Feeding the world’s seven billion people has never been more urgent, or more difficult. One in every eight persons today goes hungry, according to the United Nations World Food Program. The U.N.’s Food and Agriculture Organization projects the global population will add 2.3 billion people by 2050, further increasing the market demand for food. Yet, agriculture in the 21st century faces tough challenges. More food must be produced by a smaller rural labor force to feed the expanding population. Agriculture-dependent developing countries need fair payment for their products and labor to support accelerating growth. More efficient, eco-friendly production methods must be utilized to conserve natural resources. Finally, food producers need to adapt to climate change, which is disrupting planting, growing and harvesting activities. The enormity of these challenges necessitates working throughout the lifecycle of food products and systems to increase sustainability and decrease unwanted environment impacts.
Julia Ruedig, Erb ’15, believes more can be done to reduce inefficiencies and improve the sustainability of America’s food system. “Food waste is a big problem that occurs in many areas, including our agricultural supply chains, retail sales outlets ─ and even our own homes,” she says. “Unfortunately, there’s no silver bullet for solving this sustainability problem. The solution will require a widespread approach.”
Putting food on America’s dinner tables consumes 10 percent of the nation’s total energy budget, 50 percent of its land and 80 percent of its potable freshwater. Yet 40 percent of the food in the U.S. today goes uneaten ─ the equivalent of more than 20 pounds per person every month, according to a 2012 report by the Natural Resources Defense Council. The increasing amount of waste is particularly troubling at a time when one in six Americans lacks a secure supply of food. Read more
According to the U.S. Environmental Protection Agency, the United States in 2011 generated 32 million tons of plastic waste─including 14 million tons of containers and packaging, 11 million tons of durable goods such as appliances and 7 million tons of nondurable goods, such as plates and cups. Yet, only 13 percent of the plastic packaging waste generated that year was recovered for recycling. The rest─approximately 12 million tons─ended up in the country’s overburdened landfills.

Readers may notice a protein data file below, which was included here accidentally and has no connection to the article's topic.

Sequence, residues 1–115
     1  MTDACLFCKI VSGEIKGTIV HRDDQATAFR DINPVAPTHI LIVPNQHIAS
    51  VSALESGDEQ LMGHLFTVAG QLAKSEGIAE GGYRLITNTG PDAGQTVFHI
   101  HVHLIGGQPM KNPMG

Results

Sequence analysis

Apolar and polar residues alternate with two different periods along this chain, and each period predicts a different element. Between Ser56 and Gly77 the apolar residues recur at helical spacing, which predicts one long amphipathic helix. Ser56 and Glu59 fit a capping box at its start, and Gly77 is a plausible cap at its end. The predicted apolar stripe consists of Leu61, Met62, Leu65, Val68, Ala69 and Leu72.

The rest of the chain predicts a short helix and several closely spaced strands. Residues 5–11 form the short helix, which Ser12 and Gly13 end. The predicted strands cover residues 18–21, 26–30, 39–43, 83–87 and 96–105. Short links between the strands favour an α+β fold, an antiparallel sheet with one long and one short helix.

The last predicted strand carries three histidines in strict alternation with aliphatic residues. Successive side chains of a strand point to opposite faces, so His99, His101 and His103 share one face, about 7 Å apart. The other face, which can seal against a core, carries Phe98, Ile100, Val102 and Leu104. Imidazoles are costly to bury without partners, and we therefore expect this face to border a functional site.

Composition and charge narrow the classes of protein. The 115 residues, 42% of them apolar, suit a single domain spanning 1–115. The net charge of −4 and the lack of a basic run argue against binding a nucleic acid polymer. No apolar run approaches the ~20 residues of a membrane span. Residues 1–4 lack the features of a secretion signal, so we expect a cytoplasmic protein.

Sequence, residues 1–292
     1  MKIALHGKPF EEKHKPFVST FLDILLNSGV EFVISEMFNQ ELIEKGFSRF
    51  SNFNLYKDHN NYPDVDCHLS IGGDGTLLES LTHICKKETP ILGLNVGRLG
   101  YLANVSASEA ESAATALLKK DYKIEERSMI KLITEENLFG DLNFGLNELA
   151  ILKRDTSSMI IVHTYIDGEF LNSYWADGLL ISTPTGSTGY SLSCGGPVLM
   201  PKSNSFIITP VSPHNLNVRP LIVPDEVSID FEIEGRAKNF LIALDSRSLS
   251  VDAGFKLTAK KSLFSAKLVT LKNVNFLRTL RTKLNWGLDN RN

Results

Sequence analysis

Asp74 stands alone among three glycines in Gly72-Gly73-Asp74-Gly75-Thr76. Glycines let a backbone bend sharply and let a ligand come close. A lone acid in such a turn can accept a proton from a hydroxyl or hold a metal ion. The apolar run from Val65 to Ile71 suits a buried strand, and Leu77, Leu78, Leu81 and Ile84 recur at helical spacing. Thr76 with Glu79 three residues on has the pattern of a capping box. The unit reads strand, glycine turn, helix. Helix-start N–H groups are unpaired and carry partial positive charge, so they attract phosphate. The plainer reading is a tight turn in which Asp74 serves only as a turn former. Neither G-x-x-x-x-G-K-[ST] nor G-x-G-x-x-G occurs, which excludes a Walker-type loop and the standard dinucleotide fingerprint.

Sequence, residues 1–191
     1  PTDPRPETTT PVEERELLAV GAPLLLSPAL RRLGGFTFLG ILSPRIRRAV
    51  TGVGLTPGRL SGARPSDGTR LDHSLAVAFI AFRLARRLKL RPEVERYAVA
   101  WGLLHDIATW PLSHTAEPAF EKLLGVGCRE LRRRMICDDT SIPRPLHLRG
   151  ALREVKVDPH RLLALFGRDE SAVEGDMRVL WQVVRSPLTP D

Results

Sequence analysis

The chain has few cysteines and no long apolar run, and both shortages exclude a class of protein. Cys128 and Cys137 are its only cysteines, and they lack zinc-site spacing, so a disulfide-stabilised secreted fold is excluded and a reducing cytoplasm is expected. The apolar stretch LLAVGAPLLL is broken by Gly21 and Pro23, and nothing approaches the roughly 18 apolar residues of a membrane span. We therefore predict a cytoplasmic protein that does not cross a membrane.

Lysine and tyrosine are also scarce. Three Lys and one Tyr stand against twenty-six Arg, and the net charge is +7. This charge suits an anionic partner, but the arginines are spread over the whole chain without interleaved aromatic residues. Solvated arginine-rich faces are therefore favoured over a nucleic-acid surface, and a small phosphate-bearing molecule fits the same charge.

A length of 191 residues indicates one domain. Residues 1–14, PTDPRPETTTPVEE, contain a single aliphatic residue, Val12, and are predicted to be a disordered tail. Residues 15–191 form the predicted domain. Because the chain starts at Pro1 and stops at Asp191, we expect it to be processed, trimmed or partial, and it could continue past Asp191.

That trend disturbs Raphael (Phel) Meyer, Erb ’13, who recently co-founded BizeeBox, an entrepreneurial business venture dedicated to stemming the growing tide of trash and reducing its environmental impacts. The immensity of the waste problem, he says, is “mind boggling.” Finding a solution to this environmental juggernaut is not easy, however. Read more
The environmental movement’s support for local food systems has grown exponentially in recent years, spawning a national wave of interest and investments in food hubs, farmers markets, farm-to-table restaurants and locally based food processing. Communities, such as Grand Rapids, Mich., have spent millions of dollars to build year-round downtown public markets that bring farm-fresh produce to city dwellers’ doorsteps and revitalize languishing low-income neighborhoods.
Ethan Schoolman, Ph.D., ’13, sees this phenomenon as a positive outgrowth of concerns for the environment, equal food access, population health and economic development. Yet, he notes, relatively little research has been done to quantify the anticipated environmental, social and economic benefits of these investments. Questions remain about whether local food systems do in fact contribute to environmental and social sustainability. Read more